Graham Hancock ancient apocalypse netflix
© Screenshot/Youtube/Netflix
Author Graham Hancock
The Society for American Archaeology officially called the fun police on Netflix's documentary series Ancient Apocalypse in an open letter published Nov. 30.

The SAA's letter accuses the show's host and creator, Graham Hancock, in part, of promoting racist theories. Said "theories" referenced by Hancock (who is in a mixed race marriage, has mixed race children and grandchildren) are not theories at all. Hancock, as a journalist, simply presented the indigenous myths, legends, and religious stories written in history books as data supporting his hypothesis that human society was more evolved than we realized somewhere prior to the Younger Dryas period (11,700 - 12,900 years ago).

He also never mentions race.

The rest of the SAA letter is one big temper tantrum because Hancock is making its entire industry look foolish by failing to explore any of the physical and literary evidence for his hypothesis of a precursory civilization. After trying to speak to the SAA to get their side of the data to back-up the claims made in their letter, I tend to think they are an inherently foolish bunch headed toward the wrong side of history (IRONY! LOL).

Herein lies the issue with the SAA, and every other elitist, closed-minded cabal in the scientific world: once one or a few folks reach a position of power, the entire field is held to their biased standard, expectations, and assumptions. For example, in medicine, one man was elevated to a position of power that led to him shutting down the entire country during our last major pandemic, starting the collapse of the American idea. That's what unchecked power does — it devolves us.

The leaders in archaeology are so scared of Hancock, a journalist, calling bullsh*t on their total inaction on exploring human prehistory that they're willing to call him a racist, make him out to be a bully, and ignore their responsibilities to explore our pre-history.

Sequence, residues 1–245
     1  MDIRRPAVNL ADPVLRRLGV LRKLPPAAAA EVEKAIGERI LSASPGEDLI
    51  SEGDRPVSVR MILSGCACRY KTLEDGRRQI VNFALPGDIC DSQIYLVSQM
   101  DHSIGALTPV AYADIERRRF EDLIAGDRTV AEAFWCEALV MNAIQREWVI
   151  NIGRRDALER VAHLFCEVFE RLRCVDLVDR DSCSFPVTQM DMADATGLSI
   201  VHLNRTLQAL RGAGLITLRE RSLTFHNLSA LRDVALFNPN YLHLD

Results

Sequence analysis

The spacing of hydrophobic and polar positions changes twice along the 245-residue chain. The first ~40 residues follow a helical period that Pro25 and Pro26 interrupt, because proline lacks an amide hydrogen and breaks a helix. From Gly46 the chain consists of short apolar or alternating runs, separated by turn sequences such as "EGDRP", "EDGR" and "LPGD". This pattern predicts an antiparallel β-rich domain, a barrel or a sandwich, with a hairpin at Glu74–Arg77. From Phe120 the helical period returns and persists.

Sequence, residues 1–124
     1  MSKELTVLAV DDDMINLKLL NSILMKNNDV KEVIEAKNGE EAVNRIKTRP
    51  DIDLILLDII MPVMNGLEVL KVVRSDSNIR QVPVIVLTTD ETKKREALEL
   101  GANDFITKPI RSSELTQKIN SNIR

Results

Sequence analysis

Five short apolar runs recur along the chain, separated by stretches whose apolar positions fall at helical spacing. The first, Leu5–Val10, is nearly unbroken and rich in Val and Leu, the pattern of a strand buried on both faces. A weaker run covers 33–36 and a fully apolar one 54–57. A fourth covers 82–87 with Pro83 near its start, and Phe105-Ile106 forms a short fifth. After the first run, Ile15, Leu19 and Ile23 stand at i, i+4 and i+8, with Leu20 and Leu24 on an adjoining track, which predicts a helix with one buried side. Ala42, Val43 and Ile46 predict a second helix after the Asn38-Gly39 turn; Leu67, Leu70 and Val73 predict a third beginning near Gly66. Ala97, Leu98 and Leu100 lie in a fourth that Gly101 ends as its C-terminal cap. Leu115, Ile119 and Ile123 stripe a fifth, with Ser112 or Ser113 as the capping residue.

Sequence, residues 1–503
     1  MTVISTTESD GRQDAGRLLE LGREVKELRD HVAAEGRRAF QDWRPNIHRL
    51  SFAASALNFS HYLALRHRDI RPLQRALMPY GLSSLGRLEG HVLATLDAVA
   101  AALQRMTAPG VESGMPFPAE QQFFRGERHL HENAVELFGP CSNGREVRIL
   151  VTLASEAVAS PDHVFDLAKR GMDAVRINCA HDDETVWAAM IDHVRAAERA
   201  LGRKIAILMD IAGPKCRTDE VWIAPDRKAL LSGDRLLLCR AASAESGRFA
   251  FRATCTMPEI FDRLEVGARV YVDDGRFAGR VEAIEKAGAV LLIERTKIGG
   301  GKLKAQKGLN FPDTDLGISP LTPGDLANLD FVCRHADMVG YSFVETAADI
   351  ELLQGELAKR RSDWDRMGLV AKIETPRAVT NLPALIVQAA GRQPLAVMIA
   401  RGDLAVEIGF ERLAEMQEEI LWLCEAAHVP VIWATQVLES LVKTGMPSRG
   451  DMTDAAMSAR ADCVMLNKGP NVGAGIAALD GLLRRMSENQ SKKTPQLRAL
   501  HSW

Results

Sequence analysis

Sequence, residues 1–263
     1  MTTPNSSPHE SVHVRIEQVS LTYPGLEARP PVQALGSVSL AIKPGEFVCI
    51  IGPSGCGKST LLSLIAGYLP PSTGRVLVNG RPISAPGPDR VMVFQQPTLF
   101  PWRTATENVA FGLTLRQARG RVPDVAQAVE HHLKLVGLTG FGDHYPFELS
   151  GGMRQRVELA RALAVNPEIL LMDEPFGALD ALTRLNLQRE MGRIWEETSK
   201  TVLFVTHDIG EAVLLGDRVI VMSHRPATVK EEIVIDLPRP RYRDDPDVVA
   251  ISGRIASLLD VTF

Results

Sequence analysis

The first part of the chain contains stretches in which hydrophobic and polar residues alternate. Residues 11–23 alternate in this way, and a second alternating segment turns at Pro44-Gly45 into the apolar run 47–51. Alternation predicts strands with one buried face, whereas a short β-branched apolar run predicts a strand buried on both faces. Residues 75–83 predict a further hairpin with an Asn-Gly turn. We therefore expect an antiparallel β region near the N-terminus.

Surely it's more racist to hear the origin stories told by such indigenous people and dismiss them entirely as myth and legend? In failing to explore the scientific underpinning of these stories, isn't the field of archaeology racist?

Also, imagine being a professional and having a tantrum instead of doing your job ... that's the easiest way to lose funding if ever I heard it. Right?

Hancock is a real-life Indiana Jones, and archeologists are jealous, in my opinion. After interviewing Hancock and several others in the fields of geology, geography, and archaeology, all I see are parallels between the SAA's behavior and petty little high school girls, too insecure to put their hands up and say, "we failed because we didn't do the work, and now Hancock has our glory. What can we do to help him and make this a team effort?"

I mean, if all of what we've hypothesized and theorized is true, the fate of humanity is in the balance here, guys. Isn't it time we shut up and do the work together? Failure to investigate our past will surely lead to our collapse, and it's pretty horrendous to see the one institution responsible for this data collection not only turn a blind eye, but to attack the one man doing the investigations they should have been doing this entire time.

A phone call and comprehensive email was sent to the SAA by the Daily Caller, requesting all data and information pertaining to the claims made in the letter to Netflix, as well as asking a member of the organization to take part in an interview. I wanted to present a balanced discussion for both parties. A single-line response said that they had no further comment.